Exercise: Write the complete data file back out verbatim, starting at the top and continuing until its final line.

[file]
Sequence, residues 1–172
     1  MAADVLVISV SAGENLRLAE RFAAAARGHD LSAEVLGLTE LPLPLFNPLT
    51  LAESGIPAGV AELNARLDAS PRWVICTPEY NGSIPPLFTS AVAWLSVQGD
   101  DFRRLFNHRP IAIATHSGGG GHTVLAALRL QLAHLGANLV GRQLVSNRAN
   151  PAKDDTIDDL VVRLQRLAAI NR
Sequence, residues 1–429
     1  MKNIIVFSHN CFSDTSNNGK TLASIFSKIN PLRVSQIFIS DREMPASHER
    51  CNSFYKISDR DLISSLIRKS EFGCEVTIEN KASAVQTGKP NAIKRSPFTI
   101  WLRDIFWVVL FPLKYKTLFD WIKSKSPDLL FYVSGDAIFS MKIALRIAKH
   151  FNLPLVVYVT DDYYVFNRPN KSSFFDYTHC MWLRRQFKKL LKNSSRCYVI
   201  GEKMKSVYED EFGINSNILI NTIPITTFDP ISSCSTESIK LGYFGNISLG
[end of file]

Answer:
Sequence, residues 1–172
     1  MAADVLVISV SAGENLRLAE RFAAAARGHD LSAEVLGLTE LPLPLFNPLT
    51  LAESGIPAGV AELNARLDAS PRWVICTPEY NGSIPPLFTS AVAWLSVQGD
   101  DFRRLFNHRP IAIATHSGGG GHTVLAALRL QLAHLGANLV GRQLVSNRAN
   151  PAKDDTIDDL VVRLQRLAAI NR
Sequence, residues 1–429
     1  MKNIIVFSHN CFSDTSNNGK TLASIFSKIN PLRVSQIFIS DREMPASHER
    51  CNSFYKISDR DLISSLIRKS EFGCEVTIEN KASAVQTGKP NAIKRSPFTI
   101  WLRDIFWVVL FPLKYKTLFD WIKSKSPDLL FYVSGDAIFS MKIALRIAKH
   151  FNLPLVVYVT DDYYVFNRPN KSSFFDYTHC MWLRRQFKKL LKNSSRCYVI
   201  GEKMKSVYED EFGINSNILI NTIPITTFDP ISSCSTESIK LGYFGNISLG